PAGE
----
Startup companies are all about trying to solve problems through innovation. They have the advantage of agile thinking and execution, creating value with limited resources and freedom to choose any path from tons of hypotheses. Designers craft their careers around fast problem solving and user focus, which make us perfect for the startup challenge.
In this article, I will share some of my experiences and give recommendations for any designers who are trying to lay a foundation for their own startups.
My name is Rodrigo López, co-founder of Arrivedo. I am a Peruvian-born designer, who has held many roles a designer can have in technology products. The journey to establishing my career at companies such as Adobe, Yahoo, Banjo, and as advisor at Eat Club has led me to the realization that design is the foundational cornerstone of startups.
Like many designers, I started by working in a creative digital agency, under visual design, where I was required to add design polish to a finished product with the mission to convince users to consume it. I didn’t want to make small changes to a design I didn’t start and ideate. I wanted to be at the center of its creation, production, and execution.
First things first, build grit
Grit is the passion and perseverance to achieve long-term goals. One of the best resources I’ve seen to shift mindsets is this video: Grit. As an aspiring leader, you should be prepared for a roller-coaster, as you are about to build a company while trying to solve multiple hypotheses. To run a company, you need to be continuously learning of lots of new skills. Skills such as recruiting (the team is the most important part of building a successful company, they must be full of grit and professionalism), funding, signing contracts, operations, etc.
To give you a hint of my personality, I am determined, a person who believes that ideas are worthless without execution. I have had my equal shares of difficulties back in my mother country, which played a part in my family moving in search of greener pastures. The only things I brought with me to Silicon Valley were my grit, creative talents, and a champion attitude. Little did I know that these were the most important things I needed to make it in the most exciting startup ecosystem.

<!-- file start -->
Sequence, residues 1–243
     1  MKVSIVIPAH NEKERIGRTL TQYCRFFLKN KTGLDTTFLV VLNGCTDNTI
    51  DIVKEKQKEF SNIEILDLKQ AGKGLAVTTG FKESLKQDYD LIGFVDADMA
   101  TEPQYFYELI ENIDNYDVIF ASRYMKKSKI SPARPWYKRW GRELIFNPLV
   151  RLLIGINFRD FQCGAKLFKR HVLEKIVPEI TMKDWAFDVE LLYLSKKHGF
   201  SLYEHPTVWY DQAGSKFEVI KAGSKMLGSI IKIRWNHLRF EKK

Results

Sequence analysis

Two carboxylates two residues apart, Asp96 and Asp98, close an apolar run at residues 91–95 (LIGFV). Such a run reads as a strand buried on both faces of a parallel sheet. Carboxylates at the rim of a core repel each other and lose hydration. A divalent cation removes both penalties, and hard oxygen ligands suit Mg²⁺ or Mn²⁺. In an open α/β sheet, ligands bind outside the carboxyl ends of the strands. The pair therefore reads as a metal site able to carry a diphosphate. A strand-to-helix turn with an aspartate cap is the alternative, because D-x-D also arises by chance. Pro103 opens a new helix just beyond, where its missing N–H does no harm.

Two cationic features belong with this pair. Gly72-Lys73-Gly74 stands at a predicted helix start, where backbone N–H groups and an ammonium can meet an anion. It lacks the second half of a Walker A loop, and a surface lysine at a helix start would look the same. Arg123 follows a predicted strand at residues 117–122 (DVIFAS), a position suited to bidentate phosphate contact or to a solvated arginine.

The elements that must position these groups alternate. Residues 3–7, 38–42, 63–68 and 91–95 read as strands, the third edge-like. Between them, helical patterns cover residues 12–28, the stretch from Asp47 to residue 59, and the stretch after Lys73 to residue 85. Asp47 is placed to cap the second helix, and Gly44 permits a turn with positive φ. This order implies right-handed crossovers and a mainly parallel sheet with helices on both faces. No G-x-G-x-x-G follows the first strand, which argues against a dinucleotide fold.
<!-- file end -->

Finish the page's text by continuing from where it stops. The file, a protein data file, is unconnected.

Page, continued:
Code and Design Fell In love
Discovering how technology had sparked my creativity encouraged me to learn more about it. The book The Hidden Language of Computer Hardware and Software help me to simplify my concept of software. I developed an insatiable interest in coding, which I knew would give me deeper insights into what I was designing. The next step was to equip myself with the knowledge and skills I needed, which was facilitated by building good relationships with people who had experience in computer science.
The goal was to learn the most from them by exchanging knowledge: I explained how design could simplify their thinking which improved their code. This experience widened my understanding of the interaction between design and code architecture.
As my love for coding blossomed, I unintentionally developed skills, such as my ability to brainstorm ideas while thinking about the development. Overtime this help me become a product manager. I slowly but gradually developed the ability to differentiate between what could work and what would not, while incorporating elements like hacking and agile in my design methodology. This learning process ignited a strong friendships built on mutual respect and understanding for each other, the beginning of an even better experience, the User Experience Design.